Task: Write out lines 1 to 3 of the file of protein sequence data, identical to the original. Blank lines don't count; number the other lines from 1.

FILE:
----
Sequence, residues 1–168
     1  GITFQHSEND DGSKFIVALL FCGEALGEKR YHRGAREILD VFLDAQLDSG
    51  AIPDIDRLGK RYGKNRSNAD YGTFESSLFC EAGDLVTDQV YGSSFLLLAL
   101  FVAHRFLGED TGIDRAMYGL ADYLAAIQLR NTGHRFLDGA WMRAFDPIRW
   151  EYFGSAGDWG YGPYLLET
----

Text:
Sequence, residues 1–168
     1  GITFQHSEND DGSKFIVALL FCGEALGEKR YHRGAREILD VFLDAQLDSG
    51  AIPDIDRLGK RYGKNRSNAD YGTFESSLFC EAGDLVTDQV YGSSFLLLAL